Cain vows to "set the record straight"

Republican presidential candidate Herman Cain speaks at the Defending the American Dream Summit, Nov. 4, 2011, in Washington. AP

ATLANTA - Republican presidential candidate Herman Cain is vowing to "set the record straight" at a news conference one day after a fourth woman — and the first to reveal her identity — accused him of inappropriate sexual behavior a decade ago, the latest in a string of claims that have rocked his presidential campaign.

"There is not an ounce of truth to all these allegations" and the graphic account from Sharon Bialek is "totally fabricated," the Georgia businessman told late-night talk show host Jimmy Kimmel.

Cain planned to address the latest furor Tuesday afternoon in Phoenix as he seeks to stem the fallout of a controversy stretching into its second week.

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"I'm going to talk about it," Cain said, adding "we are taking this head on" — a reversal from just days ago when told reporters he was done answering questions about the matter.

That was before Bialek went on national television (watch report at left) Monday and provided a name and a face to what had, until then, been at least three anonymous sexual harassment allegations against Cain. Bialek's accusations — that Cain groped her in a car after she asked for his help finding a job — spun his unorthodox campaign into an uncertain new territory.

An upstart in the presidential race, Cain shot to the top of public opinion polls and emerged, however temporarily, in surveys as the main conservative challenger to Mitt Romney. Tea party activists and conservatives unenthused with the former Massachusetts governor have flocked to Cain's tell-it-like-it-is style and self-styled outsider image in recent weeks.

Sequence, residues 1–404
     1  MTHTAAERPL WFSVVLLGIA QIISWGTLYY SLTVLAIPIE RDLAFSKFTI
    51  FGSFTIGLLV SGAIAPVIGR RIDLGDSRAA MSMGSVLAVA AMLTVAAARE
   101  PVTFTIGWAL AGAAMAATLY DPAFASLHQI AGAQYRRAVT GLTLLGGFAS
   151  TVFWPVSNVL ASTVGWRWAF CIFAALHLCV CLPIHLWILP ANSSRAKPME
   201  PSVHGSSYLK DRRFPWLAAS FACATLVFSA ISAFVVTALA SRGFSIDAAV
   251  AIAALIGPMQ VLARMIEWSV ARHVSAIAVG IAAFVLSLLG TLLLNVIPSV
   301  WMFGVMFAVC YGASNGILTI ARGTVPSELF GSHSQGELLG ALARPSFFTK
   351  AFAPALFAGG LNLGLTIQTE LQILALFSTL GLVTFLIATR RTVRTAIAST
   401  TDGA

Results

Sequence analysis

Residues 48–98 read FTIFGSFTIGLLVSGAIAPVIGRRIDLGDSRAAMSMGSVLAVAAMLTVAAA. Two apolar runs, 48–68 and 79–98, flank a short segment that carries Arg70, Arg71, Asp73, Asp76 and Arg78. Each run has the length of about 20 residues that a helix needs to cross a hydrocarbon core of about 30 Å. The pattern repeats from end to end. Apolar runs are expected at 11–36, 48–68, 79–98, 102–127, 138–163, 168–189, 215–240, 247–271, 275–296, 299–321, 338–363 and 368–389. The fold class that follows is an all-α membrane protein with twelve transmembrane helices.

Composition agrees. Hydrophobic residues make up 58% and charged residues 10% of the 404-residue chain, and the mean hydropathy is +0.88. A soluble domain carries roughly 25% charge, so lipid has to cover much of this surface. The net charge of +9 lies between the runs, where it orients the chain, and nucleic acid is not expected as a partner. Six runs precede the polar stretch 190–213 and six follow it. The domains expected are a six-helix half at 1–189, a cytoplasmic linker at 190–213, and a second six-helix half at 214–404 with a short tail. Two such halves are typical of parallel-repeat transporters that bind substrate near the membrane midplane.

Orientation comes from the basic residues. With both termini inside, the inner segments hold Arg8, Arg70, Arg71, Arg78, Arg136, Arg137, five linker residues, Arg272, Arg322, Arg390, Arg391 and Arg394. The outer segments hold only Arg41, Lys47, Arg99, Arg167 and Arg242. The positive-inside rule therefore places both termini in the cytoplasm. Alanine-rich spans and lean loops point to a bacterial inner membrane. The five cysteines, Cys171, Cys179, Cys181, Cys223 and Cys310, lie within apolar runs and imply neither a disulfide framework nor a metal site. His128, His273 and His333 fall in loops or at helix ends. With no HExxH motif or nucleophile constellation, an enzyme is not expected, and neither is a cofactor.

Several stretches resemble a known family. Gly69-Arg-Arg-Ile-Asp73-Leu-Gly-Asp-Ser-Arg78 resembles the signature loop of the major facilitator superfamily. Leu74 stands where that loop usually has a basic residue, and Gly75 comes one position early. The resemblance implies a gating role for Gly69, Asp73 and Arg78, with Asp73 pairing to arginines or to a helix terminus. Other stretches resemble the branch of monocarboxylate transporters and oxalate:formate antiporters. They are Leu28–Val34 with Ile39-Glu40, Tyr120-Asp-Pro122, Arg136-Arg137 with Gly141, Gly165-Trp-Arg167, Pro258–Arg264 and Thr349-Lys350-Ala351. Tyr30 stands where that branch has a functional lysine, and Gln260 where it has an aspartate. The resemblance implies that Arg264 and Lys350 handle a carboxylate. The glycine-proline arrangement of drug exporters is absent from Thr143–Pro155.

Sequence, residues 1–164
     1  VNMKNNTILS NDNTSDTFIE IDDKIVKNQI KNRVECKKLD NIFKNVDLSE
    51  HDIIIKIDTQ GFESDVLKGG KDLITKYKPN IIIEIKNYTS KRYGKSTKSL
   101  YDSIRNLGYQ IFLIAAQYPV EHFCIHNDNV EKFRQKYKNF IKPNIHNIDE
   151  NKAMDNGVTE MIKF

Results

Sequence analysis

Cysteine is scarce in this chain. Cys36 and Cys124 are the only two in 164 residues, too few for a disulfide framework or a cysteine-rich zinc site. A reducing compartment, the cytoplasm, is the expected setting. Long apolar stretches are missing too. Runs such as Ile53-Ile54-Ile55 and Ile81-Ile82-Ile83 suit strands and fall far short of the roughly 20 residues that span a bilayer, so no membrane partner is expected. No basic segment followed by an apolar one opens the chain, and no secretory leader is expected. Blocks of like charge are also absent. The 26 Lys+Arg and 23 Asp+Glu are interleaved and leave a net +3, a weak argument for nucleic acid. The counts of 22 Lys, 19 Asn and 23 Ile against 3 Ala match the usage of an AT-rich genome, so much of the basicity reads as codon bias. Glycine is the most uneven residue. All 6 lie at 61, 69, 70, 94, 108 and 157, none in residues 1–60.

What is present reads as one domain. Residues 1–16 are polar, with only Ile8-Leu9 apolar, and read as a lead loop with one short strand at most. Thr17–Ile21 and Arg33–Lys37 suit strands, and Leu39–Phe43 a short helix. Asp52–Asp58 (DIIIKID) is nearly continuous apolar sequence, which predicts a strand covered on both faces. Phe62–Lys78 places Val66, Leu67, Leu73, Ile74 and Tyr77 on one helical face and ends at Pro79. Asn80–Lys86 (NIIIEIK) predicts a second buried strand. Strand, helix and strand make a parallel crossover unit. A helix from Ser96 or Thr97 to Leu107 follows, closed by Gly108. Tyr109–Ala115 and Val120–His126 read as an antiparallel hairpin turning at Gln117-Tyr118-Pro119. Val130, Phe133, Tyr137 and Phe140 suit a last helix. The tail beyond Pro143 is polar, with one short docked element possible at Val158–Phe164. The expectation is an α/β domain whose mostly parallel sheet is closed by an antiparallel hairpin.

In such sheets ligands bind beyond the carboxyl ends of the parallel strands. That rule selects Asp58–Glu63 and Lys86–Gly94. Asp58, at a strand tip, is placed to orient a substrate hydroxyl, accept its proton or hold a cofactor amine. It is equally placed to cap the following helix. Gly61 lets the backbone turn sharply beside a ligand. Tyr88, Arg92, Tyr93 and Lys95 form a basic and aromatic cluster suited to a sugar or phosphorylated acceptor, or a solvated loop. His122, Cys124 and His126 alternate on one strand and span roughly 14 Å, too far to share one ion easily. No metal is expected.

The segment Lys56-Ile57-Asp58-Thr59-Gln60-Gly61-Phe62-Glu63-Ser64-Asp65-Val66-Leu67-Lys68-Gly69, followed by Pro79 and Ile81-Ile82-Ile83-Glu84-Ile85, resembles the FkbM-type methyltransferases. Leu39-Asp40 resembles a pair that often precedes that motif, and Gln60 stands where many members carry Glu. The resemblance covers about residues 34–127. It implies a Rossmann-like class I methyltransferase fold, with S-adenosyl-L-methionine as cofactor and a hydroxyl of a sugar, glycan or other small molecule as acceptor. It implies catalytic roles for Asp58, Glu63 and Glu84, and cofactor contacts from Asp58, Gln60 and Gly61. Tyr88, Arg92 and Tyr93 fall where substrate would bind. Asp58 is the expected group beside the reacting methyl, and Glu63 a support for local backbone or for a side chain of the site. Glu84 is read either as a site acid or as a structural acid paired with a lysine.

There were, however, growing signs of unease in conservative circles as, one by one, a handful of women claimed Cain acted inappropriately toward them while the head of the National Restaurant Association in the 1990s.

"He deserves a fair chance. But that doesn't mean he gets a pass. These are not anonymous allegations anymore unfortunately," said New Hampshire conservative activist Jennifer Horn, who last week had condemned media coverage of the allegations against Cain. "He does need to take another step and answer a few more questions."

"Oh," exclaimed South Carolina GOP Chairman Chad Connelly said when told details from Bialek's news conference. He said character issues matter in a state where the last governor tearfully confessed an affair and the current governor faced unproven allegations from two men that she had affairs. "Our voters care about moral attitude," Connelly said. "Character does matter."

Still, Cain backers remained solidly behind the former pizza company executive. They pointed to the presence of Gloria Allred — a high-profile attorney with Democratic ties — alongside Bialek at a news conference on Monday in New York as proof that the latest claim was a partisan smear.

"The fact that she's involved removes all credibility," Georgia Christian Coalition president Jerry Luquire said. "If he says he didn't do anything than I believe him."

Bialek is the fourth woman to say that Cain engaged in inappropriate behavior during his time at the helm of the restaurant group.

At least two women who worked there at the time filed sexual harassment complaints.

A third woman told The Associated Press last week that she considered filing a workplace complaint against Cain over what she deemed sexually suggestive remarks and gestures that included a private invitation to his corporate apartment. And a former pollster for the restaurant association has said he witnessed yet another episode involving a different woman.

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